Yet if we are to avoid a kind of giving that is destructive, that tells others that they are perennially helpless and that puts our egos on a throne that only God should occupy, we have to receive, too. St. Paul expressed this well when he wrote, "When I am weak, then I am strong - that's when the power of Christ rests on me."
Jesus must be our model for receiving:
"For every Saint is led toward the likeness of this Man, insofar as he copies the life of his Savior. For what is disagreement with His commands and works but recession far from his likeness?"
St. Gregory the Great, Homilies on the Prophet Ezekiel I.2.19, Theodosia Tomkinson trans.
In what likeness do I see Christ at Epiphany?
- + I see him as the infant, simply receiving the gifts from his visitors - and I perceive his coming message that the kingdom of heaven belongs to those who become childlike, ready to receive his blessings.
- + I see him at the River Jordan, receiving a baptism he doesn't really need and receiving the loving praise of his heavenly Father for showing such humility.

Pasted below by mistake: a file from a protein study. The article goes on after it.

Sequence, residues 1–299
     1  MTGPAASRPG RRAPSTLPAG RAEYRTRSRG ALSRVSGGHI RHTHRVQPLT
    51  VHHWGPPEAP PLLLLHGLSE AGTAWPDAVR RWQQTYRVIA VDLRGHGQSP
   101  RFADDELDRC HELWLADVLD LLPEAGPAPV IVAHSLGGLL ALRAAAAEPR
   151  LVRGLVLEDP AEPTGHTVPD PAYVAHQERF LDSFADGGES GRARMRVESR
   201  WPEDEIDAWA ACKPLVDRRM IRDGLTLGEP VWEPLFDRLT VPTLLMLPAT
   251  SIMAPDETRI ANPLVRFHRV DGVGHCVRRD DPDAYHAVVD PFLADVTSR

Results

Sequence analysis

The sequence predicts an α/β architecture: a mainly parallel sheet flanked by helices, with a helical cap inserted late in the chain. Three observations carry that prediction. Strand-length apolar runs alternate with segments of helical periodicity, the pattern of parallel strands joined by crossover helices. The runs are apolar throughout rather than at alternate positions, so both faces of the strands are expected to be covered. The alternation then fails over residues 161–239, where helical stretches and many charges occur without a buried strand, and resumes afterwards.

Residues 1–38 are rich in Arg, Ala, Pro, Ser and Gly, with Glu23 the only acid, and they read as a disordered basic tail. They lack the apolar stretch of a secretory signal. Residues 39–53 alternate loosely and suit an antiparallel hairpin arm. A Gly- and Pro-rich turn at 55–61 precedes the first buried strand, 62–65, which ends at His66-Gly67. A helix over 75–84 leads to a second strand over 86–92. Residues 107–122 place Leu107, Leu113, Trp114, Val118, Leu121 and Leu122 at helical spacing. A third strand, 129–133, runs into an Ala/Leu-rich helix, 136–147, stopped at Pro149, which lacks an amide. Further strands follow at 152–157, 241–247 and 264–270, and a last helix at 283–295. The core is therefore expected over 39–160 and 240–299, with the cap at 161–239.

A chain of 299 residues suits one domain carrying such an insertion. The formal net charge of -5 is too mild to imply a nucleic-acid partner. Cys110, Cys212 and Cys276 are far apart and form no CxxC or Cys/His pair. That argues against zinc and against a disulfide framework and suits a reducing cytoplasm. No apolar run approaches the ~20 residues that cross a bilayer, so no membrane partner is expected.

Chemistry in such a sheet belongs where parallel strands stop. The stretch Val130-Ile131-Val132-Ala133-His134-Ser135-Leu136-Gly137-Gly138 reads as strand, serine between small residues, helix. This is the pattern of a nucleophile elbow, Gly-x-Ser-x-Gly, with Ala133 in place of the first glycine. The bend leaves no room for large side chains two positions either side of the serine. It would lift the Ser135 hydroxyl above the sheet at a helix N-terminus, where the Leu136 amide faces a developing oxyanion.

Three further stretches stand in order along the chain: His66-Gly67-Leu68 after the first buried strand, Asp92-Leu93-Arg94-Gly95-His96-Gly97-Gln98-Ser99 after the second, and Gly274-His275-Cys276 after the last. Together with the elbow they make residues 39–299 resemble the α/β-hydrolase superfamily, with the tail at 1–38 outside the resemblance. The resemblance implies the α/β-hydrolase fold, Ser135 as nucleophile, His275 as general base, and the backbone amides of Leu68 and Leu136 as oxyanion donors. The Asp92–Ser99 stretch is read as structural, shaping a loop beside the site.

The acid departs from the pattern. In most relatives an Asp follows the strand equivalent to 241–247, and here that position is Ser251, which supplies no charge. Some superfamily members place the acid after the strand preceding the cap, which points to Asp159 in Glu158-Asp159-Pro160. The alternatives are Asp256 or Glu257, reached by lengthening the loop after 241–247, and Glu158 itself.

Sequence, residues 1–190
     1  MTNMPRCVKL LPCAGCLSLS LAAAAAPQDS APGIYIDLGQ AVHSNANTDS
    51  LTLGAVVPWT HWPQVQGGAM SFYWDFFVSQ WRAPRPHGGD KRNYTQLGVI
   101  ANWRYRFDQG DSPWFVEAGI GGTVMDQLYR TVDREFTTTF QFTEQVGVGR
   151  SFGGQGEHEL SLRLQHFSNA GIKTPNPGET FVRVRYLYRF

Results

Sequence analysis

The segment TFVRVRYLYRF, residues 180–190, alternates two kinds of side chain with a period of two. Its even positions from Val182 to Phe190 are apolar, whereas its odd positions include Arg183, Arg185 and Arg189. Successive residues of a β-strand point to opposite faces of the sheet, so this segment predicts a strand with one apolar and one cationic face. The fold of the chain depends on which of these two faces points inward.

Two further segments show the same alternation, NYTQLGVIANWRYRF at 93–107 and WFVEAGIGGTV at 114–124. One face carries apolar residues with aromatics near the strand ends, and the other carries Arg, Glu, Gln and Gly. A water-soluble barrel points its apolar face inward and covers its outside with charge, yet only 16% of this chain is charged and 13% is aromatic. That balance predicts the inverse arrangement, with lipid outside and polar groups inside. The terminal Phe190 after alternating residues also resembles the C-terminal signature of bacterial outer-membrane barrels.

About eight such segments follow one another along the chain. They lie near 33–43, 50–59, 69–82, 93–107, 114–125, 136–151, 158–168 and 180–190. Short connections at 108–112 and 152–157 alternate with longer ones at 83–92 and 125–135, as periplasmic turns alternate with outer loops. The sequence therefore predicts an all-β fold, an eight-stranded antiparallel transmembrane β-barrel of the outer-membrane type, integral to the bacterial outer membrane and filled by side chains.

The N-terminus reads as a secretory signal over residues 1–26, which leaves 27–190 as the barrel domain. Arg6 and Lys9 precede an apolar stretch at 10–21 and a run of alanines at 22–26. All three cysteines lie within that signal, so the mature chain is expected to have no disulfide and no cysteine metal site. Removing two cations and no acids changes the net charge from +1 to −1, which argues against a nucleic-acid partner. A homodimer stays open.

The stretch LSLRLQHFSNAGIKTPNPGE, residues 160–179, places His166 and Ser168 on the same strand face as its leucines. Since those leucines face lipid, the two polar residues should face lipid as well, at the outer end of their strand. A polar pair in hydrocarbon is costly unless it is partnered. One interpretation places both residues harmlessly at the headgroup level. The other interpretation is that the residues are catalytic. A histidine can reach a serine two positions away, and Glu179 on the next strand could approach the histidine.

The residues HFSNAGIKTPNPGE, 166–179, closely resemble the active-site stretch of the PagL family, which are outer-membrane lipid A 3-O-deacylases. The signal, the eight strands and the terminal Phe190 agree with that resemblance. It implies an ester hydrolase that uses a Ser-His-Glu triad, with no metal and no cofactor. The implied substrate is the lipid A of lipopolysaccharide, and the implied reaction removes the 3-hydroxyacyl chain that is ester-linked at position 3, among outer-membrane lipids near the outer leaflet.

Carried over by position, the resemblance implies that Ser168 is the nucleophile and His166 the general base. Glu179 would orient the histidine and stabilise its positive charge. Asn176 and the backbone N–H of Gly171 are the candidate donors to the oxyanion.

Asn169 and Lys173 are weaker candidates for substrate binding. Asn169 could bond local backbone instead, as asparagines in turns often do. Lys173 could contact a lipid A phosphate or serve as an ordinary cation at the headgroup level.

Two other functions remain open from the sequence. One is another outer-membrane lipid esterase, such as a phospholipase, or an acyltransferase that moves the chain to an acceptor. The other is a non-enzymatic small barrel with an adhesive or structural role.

- + I see him at the wedding party in Cana, receiving deference from his mother and cooperation from the caterers - and making his first miracle nothing more than prolonging a party at which he is just another good time guest.
I don't mean to be flip in any of this. I am wrestling with my own "recession from his likeness." Simply put, I am uncomfortable being on the receiving end of anything good.
I'm not going to inflict a silly psychodrama on you here, but you can probably fill in the blanks - too afraid of losing whatever gift is given, too insecure to let another be strong, too cynical not to watch for strings attached, all that kind of stuff.
So I look at Jesus - as he appears in this particular season of the church year - and I see an aspect of him that I've avoided or even rejected. He receives.
And when I see him receive, I see his perfect peace. He doesn't demand anything - the Wise Men's gifts, the baptism at the Jordan, the voice of praise - he doesn't even seek credit for turning the water into wine (and good wine at that). He just "is" and he graciously receives what is offered.
And I see his perfect love. His grace is so great that he steps down and lets others take the higher place. He receives that they might be blessed in their giving. His receiving is just a higher form of giving, after all.
May I grow in my Savior's peace and love by learning to receive the gifts others bring.